This kinda makes me sad.
13-14 This is God’s earlier Message on Moab. God’s updated Message is, “In three years, no longer than the term of an enlisted soldier, Moab’s impressive presence will be gone, that splendid hot-air balloon will be punctured, and instead of a vigorous population, just a few shuffling bums panhandling handouts.”
Damascus: A Pile of Dust and Rubble
1-3 A Message concerning Damascus:
“Watch this: Damascus undone as a city,
a pile of dust and rubble!
Her towns emptied of people.
The sheep and goats will move in
And take over the towns
as if they owned them—which they will!
Not a sign of a fort is left in Ephraim,
not a trace of government left in Damascus.
What’s left of Aram?
The same as what’s left of Israel—not much.”
Decree of God-of-the-Angel-Armies.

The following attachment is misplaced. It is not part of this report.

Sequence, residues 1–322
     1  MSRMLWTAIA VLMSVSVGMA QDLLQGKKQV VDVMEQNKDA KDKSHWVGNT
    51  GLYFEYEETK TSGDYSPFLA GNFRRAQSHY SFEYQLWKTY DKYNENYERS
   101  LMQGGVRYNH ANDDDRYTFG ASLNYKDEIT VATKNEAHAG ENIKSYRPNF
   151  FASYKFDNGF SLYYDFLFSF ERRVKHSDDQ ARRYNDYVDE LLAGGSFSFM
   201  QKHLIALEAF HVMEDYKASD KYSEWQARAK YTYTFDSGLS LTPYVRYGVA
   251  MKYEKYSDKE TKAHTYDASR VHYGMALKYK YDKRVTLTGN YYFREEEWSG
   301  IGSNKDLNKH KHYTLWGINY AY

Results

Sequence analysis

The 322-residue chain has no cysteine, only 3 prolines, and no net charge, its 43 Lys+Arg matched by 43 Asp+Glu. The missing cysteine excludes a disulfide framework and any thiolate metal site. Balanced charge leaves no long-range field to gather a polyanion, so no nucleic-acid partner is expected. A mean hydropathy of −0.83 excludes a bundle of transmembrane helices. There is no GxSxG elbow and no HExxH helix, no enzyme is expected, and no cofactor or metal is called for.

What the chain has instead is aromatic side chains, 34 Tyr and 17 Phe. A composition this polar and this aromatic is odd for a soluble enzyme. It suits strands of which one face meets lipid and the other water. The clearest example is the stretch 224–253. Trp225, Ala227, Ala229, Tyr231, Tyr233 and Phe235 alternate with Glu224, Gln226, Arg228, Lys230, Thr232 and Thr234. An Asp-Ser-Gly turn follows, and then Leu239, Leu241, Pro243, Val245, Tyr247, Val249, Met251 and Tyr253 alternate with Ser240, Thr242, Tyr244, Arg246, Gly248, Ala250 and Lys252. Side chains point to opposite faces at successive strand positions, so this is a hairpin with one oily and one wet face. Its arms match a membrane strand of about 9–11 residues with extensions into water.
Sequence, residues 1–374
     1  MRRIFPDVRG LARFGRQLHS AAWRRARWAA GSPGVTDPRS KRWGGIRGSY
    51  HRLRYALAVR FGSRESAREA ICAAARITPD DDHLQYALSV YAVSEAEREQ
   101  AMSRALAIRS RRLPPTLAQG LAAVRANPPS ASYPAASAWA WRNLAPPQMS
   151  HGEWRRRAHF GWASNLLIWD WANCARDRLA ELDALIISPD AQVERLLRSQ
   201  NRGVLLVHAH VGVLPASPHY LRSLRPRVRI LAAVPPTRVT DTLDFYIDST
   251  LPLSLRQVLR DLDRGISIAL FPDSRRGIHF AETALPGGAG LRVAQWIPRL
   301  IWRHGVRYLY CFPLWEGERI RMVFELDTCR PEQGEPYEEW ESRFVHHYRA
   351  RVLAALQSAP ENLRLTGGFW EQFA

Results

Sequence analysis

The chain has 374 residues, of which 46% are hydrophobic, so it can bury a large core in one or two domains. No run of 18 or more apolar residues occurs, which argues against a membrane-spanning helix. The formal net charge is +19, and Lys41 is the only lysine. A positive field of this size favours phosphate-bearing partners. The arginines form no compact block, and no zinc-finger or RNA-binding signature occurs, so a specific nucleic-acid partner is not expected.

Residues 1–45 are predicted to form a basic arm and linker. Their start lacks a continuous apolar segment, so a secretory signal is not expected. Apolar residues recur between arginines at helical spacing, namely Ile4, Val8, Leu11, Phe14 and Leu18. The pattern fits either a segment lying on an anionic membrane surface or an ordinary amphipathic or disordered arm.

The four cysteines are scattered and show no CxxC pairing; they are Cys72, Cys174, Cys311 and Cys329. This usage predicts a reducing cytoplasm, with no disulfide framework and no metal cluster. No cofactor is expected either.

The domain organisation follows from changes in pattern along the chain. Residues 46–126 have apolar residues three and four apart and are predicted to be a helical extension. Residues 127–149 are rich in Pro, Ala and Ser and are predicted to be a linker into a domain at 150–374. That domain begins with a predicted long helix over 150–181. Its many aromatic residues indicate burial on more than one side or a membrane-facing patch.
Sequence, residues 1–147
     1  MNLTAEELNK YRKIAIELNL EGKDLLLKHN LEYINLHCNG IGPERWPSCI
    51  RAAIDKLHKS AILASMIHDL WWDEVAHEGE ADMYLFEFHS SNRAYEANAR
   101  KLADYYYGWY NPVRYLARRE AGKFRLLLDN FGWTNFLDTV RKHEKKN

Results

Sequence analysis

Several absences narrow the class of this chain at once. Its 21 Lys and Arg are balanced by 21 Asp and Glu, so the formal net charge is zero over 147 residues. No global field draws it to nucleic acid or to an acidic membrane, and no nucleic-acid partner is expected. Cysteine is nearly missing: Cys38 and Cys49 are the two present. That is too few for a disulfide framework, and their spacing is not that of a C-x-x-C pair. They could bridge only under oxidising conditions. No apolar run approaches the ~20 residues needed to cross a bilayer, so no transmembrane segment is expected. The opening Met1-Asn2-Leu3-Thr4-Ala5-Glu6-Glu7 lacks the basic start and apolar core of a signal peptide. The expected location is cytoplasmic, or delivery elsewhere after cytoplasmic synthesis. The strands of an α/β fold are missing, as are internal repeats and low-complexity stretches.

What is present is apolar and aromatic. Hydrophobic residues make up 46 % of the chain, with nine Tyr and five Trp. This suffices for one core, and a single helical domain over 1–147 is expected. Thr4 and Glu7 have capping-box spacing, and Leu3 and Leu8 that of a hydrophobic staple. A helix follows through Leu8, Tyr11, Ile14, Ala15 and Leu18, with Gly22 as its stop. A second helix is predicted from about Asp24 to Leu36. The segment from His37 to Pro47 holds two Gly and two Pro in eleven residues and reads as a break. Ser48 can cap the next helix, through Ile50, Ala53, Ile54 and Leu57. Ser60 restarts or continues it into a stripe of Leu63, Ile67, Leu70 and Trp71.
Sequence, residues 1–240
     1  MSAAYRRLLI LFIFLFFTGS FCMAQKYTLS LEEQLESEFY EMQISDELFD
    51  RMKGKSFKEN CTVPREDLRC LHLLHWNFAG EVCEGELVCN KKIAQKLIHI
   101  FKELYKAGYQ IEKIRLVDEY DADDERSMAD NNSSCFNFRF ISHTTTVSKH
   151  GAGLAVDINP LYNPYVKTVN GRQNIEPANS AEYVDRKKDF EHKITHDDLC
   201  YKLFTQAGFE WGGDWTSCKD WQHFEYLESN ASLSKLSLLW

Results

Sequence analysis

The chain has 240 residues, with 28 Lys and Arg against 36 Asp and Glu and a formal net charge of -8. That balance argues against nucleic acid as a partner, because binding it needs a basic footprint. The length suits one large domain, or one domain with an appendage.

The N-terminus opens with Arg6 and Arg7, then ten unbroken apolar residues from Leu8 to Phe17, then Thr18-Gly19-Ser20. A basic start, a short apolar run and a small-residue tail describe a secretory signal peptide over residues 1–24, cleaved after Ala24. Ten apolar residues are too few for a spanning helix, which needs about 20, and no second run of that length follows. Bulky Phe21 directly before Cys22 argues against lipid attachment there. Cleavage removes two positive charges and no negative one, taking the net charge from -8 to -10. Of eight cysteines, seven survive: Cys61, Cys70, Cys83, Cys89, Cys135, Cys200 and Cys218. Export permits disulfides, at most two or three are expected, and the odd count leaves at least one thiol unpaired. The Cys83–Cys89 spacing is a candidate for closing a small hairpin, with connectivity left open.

On the road to Damascus Saul had an encounter with God that changed his name to Paul and gave us the most prolific writer of the New Testament, the single most impactful human where Christianity is concerned aside from Christ himself. Interesting that here, in the Old Testament, Damascus is undone and desolate and it is on this road that Saul, the biggest persecutor of the early Christians as a government worker, is undone in his theology and beliefs.
The Day Is Coming
4-6 “The Day is coming when Jacob’s robust splendor goes pale
and his well-fed body turns skinny.
The country will be left empty, picked clean
as a field harvested by field hands.
She’ll be like a few stalks of barley left standing
in the lush Valley of Rephaim after harvest,
Or like the couple of ripe olives overlooked
in the top of the olive tree,
Or the four or five apples
that the pickers couldn’t reach in the orchard.”